You probably know the feeling: You're about ready to speak, eat, or swallow when your mouth suddenly feels parched. Your words or your food get caught in your throat. What you're experiencing is called xerostomia – commonly called dry mouth.
Brought on by a decreased amount of saliva your salivary glands produce, dry mouth is typically a temporary condition. But xerostomia can be a chronic condition for some people. And that can lead to oral health issues. If you have constant dry mouth, learn the causes, signs, and oral health consequences of low saliva. Plus, learn how to counteract dry mouth and prevent serious dental complications.
Causes and Signs of Dry Mouth
If you deal with dry mouth constantly, its cause could be one or more of the multiple factors resulting in xerostomia. In some cases, your dry mouth should go away after you stop certain behaviors, activities, treatments, or medications. Or you can experience chronic dry mouth if there's damage to your salivary glands.
Dry mouth is a symptom of other health issues. If you have a constant dry mouth for more than a week, see your dentist or doctor to diagnose the problem's source.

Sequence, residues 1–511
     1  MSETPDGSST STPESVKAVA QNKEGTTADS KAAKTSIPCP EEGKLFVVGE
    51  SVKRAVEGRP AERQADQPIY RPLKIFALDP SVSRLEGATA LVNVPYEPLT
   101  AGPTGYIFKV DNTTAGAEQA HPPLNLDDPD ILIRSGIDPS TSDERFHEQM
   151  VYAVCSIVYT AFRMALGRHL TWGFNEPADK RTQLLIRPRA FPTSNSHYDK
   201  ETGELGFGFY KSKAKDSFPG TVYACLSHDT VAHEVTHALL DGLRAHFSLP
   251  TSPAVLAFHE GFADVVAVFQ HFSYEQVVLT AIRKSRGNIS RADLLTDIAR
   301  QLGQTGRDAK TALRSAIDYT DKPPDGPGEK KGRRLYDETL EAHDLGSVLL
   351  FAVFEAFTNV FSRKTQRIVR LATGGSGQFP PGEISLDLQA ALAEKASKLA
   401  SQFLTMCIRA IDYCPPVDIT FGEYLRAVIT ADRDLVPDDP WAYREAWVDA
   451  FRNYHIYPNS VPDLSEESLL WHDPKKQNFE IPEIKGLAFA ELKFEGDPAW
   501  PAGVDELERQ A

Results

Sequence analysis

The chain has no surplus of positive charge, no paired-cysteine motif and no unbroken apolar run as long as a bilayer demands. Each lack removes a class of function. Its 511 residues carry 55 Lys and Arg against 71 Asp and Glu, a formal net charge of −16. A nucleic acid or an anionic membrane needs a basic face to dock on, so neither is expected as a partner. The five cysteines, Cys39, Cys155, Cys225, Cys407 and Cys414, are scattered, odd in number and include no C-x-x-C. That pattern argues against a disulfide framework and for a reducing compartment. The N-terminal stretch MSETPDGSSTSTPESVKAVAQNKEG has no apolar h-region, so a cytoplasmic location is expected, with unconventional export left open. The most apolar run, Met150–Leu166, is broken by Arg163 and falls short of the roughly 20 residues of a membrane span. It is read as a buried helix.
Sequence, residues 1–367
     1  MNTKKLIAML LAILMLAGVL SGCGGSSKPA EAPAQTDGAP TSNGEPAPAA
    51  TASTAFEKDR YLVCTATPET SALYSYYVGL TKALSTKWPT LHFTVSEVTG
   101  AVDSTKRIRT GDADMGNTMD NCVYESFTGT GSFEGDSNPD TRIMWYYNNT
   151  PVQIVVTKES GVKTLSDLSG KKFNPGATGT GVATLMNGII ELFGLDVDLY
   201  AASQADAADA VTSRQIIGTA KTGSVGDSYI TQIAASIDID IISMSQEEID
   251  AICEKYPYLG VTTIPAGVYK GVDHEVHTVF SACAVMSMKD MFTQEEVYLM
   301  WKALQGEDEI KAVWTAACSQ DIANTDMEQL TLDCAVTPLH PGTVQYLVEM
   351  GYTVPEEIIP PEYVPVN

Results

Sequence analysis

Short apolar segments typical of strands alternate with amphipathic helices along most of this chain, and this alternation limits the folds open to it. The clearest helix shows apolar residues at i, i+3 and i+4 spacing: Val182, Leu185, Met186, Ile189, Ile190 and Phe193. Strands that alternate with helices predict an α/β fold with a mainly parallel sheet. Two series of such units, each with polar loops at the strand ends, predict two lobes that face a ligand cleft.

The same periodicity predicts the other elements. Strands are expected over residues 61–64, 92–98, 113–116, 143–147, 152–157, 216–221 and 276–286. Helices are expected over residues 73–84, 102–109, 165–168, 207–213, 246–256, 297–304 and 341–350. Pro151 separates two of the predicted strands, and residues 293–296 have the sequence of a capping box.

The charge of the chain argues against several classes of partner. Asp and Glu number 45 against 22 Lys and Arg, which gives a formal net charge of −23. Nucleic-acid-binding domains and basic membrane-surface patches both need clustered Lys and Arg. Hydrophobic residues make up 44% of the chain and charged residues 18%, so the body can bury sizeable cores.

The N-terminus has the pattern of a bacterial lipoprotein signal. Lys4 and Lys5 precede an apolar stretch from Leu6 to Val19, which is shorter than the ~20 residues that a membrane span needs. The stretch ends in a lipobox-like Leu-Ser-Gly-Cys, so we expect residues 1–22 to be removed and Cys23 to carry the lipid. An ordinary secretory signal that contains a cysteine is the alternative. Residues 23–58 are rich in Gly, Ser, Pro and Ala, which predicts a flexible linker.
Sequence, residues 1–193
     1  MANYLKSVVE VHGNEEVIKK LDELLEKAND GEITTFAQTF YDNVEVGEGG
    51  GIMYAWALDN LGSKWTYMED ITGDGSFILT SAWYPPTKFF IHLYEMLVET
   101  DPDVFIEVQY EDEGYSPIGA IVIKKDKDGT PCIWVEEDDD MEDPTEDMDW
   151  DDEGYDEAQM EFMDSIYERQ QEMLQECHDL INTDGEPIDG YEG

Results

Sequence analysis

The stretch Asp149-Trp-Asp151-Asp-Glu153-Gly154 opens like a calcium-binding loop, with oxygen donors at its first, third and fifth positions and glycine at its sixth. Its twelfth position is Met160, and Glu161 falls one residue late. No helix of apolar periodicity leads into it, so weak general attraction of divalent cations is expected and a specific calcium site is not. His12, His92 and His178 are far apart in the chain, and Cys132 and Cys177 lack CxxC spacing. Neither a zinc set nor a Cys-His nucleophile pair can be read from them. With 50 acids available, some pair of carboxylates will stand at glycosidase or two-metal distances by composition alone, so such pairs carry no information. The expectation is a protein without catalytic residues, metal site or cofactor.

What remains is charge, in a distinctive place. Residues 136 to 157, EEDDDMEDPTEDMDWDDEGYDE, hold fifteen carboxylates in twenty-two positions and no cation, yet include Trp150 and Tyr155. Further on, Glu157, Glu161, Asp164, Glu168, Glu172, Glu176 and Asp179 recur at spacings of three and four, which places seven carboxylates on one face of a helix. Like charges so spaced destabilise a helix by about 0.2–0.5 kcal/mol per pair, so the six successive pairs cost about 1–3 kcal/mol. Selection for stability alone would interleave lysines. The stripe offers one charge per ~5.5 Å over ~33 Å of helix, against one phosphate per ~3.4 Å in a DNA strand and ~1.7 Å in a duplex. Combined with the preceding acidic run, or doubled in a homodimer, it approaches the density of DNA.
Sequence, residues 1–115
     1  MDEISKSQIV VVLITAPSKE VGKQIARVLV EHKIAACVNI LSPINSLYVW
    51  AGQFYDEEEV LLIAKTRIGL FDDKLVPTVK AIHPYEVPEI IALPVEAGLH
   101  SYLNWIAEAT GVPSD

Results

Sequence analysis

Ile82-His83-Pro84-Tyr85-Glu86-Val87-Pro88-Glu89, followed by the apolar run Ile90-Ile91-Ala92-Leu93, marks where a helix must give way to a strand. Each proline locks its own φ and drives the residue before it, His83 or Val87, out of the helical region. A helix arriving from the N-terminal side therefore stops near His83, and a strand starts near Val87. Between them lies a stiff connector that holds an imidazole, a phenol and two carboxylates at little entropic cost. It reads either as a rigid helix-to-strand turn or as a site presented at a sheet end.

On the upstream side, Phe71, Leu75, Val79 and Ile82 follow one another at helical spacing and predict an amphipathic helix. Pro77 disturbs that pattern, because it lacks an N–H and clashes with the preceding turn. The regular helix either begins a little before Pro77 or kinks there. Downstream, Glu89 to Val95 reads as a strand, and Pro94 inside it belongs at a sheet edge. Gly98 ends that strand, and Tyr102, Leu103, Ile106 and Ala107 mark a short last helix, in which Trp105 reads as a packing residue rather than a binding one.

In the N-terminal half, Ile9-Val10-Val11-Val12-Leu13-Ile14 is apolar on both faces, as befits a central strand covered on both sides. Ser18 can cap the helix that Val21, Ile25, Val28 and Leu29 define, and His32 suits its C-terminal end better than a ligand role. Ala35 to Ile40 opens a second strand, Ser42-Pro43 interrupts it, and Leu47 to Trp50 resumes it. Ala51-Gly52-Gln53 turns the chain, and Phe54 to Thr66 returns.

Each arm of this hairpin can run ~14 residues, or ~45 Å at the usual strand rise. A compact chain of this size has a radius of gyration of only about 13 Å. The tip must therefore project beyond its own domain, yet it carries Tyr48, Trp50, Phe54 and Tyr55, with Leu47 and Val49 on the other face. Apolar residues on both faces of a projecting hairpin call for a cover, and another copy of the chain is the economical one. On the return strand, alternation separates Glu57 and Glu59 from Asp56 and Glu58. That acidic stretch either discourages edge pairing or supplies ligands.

Causes of dry mouth include:
- Dehydration (aka not drinking enough water)
- Stress or anxiety
- Numerous medications – check out your medications' side effects.
- Chemotherapy and radiation cancer treatments
- Autoimmune diseases, such as Sjögren's syndrome
- Neurological issues, such as strokes, Alzheimer's disease, or nerve damage to the head or neck
- Open-mouthed snoring and breathing
- Tobacco, alcohol, and recreational drugs
If you're at risk for dry mouth, you might notice symptoms beyond those we mentioned earlier. Additional signs of dry mouth can include thick and stringy saliva, throat or tongue problems, and a change in your sense of taste.